LocalWhen will ROBO’s Time Come?

When will ROBO's Time Come?

"Research online, buy offline," (ROBO) is the concept that a growing volume of product research is happening online while the majority of buying remains offline in physical stores. A growing number of local search engines are basing their business model on the concept. But why haven't ROBO features picked up on a mass market level?

I recently asked if mobile local search has finally arrived. Now it’s time to ask when ROBO’s time will come. ROBO (research online, buy offline) is the concept that a growing volume of product research is happening online while the majority (more than 90 percent) of purchases take place offline in physical stores.

This reality has been central to the business models of Krillion, NearbyNow, The Find, and a growing crop of local search engines that tell you what products are available in what stores, and how many are on the shelf. Google has also played around with this in a limited capacity.

Despite these efforts, and what many surveys indicate, ROBO features haven’t picked up on a mass market level. User demand hasn’t been heard loudly for things like inventory data and in-store pick up features. Many still search in one place, compare features in another place, check prices in another, pick up the phone to check availability, then get in their car.

Why not do it all in one place (except for the part about the car)? Supply is there from the aforementioned providers, but perhaps not on the scale to give it the awareness it needs. This is made worse by the simple fact that breaking deep-rooted search behavior, no matter how silly or convoluted, is never easy.

An Apt Solution?

Yahoo recently started an effort to get ROBO over this hump, and Warren Kay, director of emerging products, is leading the charge.

“If I’m looking for a car or a lawn mower and I want a particular make and model, I want to know the closest place to buy it,” Kay said. “Even the simple concept of where my nearest insurance agent or Target store is — one level up in the consideration phase — could give advertisers a more compelling capability.”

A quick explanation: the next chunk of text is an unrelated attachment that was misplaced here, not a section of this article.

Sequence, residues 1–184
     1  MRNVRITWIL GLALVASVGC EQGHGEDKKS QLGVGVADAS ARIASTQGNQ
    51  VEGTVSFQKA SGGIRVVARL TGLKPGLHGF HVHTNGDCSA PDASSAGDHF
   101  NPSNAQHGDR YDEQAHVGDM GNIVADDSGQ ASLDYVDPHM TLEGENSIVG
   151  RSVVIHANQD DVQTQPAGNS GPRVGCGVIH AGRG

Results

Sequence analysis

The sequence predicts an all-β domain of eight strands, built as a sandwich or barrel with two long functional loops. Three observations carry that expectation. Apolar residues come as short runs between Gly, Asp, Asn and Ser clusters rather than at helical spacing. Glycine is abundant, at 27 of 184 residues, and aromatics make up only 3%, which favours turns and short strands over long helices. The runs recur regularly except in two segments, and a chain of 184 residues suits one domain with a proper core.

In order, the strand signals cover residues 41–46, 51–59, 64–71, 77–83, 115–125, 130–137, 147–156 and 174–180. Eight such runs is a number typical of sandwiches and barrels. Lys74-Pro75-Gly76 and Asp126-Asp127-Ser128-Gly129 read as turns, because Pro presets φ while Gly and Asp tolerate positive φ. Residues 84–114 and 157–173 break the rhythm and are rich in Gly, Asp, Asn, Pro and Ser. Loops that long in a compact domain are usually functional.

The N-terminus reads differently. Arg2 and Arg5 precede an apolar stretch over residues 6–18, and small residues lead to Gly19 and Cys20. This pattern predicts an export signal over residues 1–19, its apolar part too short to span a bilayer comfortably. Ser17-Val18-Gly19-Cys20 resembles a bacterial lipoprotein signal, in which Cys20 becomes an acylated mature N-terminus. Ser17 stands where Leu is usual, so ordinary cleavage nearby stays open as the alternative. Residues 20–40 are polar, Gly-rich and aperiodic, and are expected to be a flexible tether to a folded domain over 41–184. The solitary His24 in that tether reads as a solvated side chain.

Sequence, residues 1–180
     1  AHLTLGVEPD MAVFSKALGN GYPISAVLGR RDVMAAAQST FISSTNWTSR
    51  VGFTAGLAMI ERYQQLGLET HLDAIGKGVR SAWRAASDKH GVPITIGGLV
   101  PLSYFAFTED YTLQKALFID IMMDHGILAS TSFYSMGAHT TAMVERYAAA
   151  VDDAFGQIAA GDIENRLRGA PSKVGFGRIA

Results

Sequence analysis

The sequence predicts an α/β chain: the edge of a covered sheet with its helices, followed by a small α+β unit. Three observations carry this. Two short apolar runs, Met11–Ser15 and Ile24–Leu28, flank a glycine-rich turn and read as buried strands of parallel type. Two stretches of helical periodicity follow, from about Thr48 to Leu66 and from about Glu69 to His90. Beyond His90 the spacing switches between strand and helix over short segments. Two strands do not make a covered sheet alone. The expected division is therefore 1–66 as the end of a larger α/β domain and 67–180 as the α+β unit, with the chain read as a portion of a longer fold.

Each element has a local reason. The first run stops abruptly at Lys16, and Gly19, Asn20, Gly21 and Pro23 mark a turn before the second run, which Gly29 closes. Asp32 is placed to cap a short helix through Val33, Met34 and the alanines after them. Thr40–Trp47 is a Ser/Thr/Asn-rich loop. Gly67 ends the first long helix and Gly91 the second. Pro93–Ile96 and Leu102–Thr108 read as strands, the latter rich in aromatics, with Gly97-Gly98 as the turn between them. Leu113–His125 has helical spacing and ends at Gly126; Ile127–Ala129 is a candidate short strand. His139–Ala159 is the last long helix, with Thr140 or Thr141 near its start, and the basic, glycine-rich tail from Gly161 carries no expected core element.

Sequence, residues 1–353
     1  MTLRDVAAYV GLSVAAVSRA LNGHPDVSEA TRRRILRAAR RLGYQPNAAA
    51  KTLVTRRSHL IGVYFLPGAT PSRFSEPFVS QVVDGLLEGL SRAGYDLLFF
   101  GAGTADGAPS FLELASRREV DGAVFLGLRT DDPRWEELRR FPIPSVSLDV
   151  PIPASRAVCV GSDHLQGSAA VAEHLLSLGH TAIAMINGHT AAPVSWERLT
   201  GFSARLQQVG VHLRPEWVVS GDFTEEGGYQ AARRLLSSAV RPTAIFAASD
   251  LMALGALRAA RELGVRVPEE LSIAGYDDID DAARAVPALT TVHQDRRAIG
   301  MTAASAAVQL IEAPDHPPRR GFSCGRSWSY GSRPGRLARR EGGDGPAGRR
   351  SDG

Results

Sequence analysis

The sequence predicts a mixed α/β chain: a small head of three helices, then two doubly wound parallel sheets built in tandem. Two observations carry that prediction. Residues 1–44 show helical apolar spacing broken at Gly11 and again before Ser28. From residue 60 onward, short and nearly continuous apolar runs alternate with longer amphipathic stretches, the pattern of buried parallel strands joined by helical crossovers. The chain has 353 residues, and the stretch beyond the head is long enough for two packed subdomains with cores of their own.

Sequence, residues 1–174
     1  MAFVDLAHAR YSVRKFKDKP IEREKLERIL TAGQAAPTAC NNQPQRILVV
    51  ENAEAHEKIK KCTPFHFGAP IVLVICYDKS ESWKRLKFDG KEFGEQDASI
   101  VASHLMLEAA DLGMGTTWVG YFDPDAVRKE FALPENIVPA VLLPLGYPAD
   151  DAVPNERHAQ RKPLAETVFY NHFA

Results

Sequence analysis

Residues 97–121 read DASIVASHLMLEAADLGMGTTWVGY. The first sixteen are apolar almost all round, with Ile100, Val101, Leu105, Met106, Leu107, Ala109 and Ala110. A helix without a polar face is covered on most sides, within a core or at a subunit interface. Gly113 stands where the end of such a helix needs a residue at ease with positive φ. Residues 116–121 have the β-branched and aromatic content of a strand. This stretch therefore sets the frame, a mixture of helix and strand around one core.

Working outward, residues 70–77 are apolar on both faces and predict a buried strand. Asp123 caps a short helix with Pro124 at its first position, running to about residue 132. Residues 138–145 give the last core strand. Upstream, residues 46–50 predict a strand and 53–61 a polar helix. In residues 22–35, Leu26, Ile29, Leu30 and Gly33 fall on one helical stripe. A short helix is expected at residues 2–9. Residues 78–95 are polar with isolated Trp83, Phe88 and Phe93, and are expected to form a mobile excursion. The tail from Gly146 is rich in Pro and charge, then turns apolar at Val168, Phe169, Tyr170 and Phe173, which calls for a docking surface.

One challenge Yahoo faces is that some of its national advertisers and agencies don’t fully grasp the opportunity to run targeted local campaigns for their store locations. They’re comfortable with the more blunt tactics they’ve used for years, such as impression-based advertising targeted at the DMA level. They’re also confused about a point of entry into the fragmented local online ad picture.

“We don’t make it any easier,” Kay said. “Online players make it difficult for offline traditional media buyers to shift their dollars online. Our goal is to begin the education process.”

Yahoo’s first move on this front came with Wednesday’s launch of APT, its self-serve display ad platform (built on Right Media’s engine). One of its biggest goals is to make it easier for national advertisers to run localized campaigns all in one place.

The online local inventory will come from its own network and its growing consortium of 784 newspaper partners. Given the consortium’s momentum and established content network, this is a natural place to start. The San Jose Mercury News and the San Francisco Chronicle will be the first ones on board.

“Our goal is to have all [consortium” newspaper publishers on that platform by the end of Q1,” Kay said. “It will be a one-stop place where marketers can come and buy inventory in up to 800 local newspapers. Then we will [add” Yahoo inventory through a similar migration plan.”

The Long and Short

Longer term, Kay is optimistic about technologies that will provide more granular local targeting and ROBO capabilities through APT.

One of these enablers will be location awareness, which will make local search more accurate and automated for users. It will also allow for better display ad targeting that goes a step beyond city-level IP targeting. Picture rich media ads, for instance, that offer real-time product promotions for the Best Buy down the street.

This could happen through location awareness baked right into the browser, which we expect to see from Google Chrome, followed by Firefox. It could also happen with Yahoo’s own Fire Eagle platform, which pulls in location data from various sources users specify (an iPhone for example). Until then, Yahoo already directly pulls some users’ locations.

“We have 300 million registered users who have given us their location, and we also have touch points based on users providing a location, such as weather, maps, yellow pages, and movie times,” Kay said. “We need to do a better job at packaging this back to our advertisers.”

Mobile has strong implications for ROBO as well, given the phone’s presence at the point of purchase. Kay argues that search volume is still too low for local ad models to materialize. For now, he’s focused on the task at hand: reaching opportune verticals like insurance, real estate, autos and retail, where national advertisers need to more effectively market their localized franchises.

“There is a $22 billion online [advertising” opportunity,” Kay said. “So let’s take full advantage of where the traffic is today and where the opportunities are, and get that right first.”

This topic will be covered further at The Kelsey Group’s ILM ’08 conference from November 19-21 in Santa Clara, California.


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